Industry sources said Inacom was in talks with CompuCom Systems, which was interested in Inacom's service's business, and Westcon, a distributor of networking equipment that was interested in Inacom's telecommunications business.

Compaq wound up purchasing many of Inacom's main assets, including its PC distribution business. The bankruptcy was blamed by some industry insiders on Inacom's purchase of Vanstar.

Client Bankruptcies Wallop Scient Stock Price

Scient, one of the fastest-growing companies in the 2000 VARBusiness 500 (now referred to as the VAR500), entered a Wall Street whirlwind after two of its clients -- Inacom and Verde Media -- filed for bankruptcy. Inacom and Verde Media owed millions to Scient. That prompted an analyst at Banc of America to downgrade the company's stock from a strong buy rating which, in turn, sent Scient's stock price plummeting on Monday, June 26, 2000.

The next day, Scient released statements about its dealings with Inacom and Verde Media. And Deutsche Bank's strong and firm position on the e-business juggernaut stemmed the slide and turned Scient's stock price back up.

The writing was evidently on the wall, however. By August 2001, Scient's revenue was $11 million, roughly one-tenth of what is was in the Fall of 2000. It filed for bankruptcy in July 2002.

At left is Eric Greenberg, Scient founder and chairman.

Handspring Poised For IPO

The $180 million offering of 10 million Handspring shares, led by Credit Suisse First Boston, was expected to price between $17 and $19 per share, down from its original expected range of $19 to $22 per share. On June 20, when the shares started trading, the company raised $200 million when it sold 10 million shares for $20 apiece. Shares in the maker of the Visor PDA reached $28.25 in early trading the following day.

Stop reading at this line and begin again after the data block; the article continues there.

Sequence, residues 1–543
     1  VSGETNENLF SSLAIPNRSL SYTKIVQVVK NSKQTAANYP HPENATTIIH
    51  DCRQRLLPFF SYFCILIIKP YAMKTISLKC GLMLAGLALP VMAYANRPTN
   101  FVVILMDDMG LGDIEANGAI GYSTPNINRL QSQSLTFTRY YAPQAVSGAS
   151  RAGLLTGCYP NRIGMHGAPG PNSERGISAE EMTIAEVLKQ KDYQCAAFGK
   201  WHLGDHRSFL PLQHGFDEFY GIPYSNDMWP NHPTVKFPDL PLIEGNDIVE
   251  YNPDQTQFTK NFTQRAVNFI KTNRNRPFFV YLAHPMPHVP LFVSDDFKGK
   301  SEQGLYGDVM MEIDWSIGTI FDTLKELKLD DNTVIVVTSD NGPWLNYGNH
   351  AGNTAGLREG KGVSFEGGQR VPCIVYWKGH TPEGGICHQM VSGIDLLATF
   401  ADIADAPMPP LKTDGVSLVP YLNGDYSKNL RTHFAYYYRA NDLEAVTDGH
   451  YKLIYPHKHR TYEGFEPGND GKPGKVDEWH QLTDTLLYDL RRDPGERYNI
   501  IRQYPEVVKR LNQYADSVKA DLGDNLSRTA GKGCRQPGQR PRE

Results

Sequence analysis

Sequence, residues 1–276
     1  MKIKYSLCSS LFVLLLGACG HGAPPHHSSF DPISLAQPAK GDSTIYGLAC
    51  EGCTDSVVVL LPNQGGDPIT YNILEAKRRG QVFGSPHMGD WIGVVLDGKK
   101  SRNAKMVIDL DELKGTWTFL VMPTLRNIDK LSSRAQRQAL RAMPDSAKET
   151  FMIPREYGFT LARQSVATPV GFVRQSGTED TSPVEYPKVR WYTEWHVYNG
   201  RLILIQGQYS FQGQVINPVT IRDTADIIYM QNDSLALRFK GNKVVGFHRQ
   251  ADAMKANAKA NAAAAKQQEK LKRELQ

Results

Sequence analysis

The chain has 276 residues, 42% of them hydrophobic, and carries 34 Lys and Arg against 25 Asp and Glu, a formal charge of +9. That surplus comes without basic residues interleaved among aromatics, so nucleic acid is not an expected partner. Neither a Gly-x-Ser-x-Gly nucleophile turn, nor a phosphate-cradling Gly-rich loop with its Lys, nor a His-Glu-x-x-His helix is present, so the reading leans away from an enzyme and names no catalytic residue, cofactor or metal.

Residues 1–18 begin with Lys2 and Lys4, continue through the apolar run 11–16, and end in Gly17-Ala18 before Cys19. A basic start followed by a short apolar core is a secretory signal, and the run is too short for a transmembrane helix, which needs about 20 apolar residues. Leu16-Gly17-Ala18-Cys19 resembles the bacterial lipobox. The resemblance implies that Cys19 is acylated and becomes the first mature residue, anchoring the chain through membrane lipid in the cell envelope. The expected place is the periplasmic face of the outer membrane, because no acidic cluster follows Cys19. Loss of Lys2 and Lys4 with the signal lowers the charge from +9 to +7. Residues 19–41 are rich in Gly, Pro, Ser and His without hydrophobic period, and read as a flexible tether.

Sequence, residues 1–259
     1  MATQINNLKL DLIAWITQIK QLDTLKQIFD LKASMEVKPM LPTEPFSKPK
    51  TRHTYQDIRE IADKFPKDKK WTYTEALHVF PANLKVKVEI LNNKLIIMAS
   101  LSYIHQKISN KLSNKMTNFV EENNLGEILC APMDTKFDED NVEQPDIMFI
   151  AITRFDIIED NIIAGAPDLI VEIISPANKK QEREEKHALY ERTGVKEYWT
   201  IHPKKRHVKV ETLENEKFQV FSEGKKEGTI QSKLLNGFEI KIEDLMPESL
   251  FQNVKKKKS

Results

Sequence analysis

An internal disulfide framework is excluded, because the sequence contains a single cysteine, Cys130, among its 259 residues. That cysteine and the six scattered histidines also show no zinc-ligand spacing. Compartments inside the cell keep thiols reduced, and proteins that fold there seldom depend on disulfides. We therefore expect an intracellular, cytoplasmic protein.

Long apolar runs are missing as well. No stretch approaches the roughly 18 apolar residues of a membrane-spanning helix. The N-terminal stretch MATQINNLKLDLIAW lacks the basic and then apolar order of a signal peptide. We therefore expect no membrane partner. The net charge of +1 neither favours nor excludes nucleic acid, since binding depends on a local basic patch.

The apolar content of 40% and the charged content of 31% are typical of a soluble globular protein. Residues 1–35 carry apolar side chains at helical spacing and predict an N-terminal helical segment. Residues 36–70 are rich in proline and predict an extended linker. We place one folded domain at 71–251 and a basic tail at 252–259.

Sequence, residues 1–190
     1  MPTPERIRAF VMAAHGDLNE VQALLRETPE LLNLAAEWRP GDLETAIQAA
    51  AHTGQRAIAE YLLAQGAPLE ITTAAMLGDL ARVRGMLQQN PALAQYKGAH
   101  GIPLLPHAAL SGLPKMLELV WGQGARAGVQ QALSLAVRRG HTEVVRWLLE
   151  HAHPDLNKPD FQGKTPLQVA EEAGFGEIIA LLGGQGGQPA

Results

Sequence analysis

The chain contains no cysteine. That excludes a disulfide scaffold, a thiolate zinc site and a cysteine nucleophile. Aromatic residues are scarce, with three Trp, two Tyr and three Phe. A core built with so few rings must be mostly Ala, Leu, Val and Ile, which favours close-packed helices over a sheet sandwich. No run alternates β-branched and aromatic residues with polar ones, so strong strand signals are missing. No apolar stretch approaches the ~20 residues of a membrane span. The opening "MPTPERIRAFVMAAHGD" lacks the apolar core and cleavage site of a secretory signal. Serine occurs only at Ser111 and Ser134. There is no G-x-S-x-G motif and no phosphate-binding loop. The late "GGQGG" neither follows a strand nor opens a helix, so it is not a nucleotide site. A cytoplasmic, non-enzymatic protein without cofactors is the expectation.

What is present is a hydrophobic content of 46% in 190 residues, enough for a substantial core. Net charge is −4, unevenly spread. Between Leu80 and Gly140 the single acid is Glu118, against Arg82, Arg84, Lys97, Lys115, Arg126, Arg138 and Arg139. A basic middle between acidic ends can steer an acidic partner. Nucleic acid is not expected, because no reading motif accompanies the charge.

Handspring was founded by the founders of Palm, who defected after they got disillusioned with how 3Com was running things at the Palm division. In 2003, they reunited with their old comrades when Handspring merged with the now-spun-off Palm's hardware division in 2003, forming palmOne.

Antivirus Vendors Downplay New Trojan

Antivirus software companies downplayed a new virus -- Trojan -- reported to have infected 2,000 computers with "always-on" connections. Network Security Technologies, Herndon, Va., issued a warning concerning a piece of malicious code disguised as a video that, when downloaded, infiltrated a computer and gave the intruder full control of the computer when it's connected to the Internet.

Xerox: You've Come a Long Way, Baby

A shuffling of top executives and a lackluster financial performance called Xerox' future into question in June 2000. Paul Allaire (left), Xerox CEO, had handed the reins to former IBM executive Richard Thoman -- only to come back just more than a year later.

What a difference a decade makes: In Q1 2010, Xerox revenue was up 33 percent from fourth quarter 2009. Because of its acquisition of ACS earlier this year, Xerox expects 46 percent of its revenue to come from technology and another 46 percent to come from services.

CRN Gets An Extreme Makeover

CRN's last tabloid-size issue of Computer Reseller News appeared June 19, 2000. The following Monday, we embraced a bold, fresh new style and went from Computer Reseller News to "CRN" -- the name the industry bestowed upon us 899 issues and more than 18 years (and 899 issues) earlier. The cover of the June 19 issue, (left), featured Cisco and HP, which goes to show that some things never change.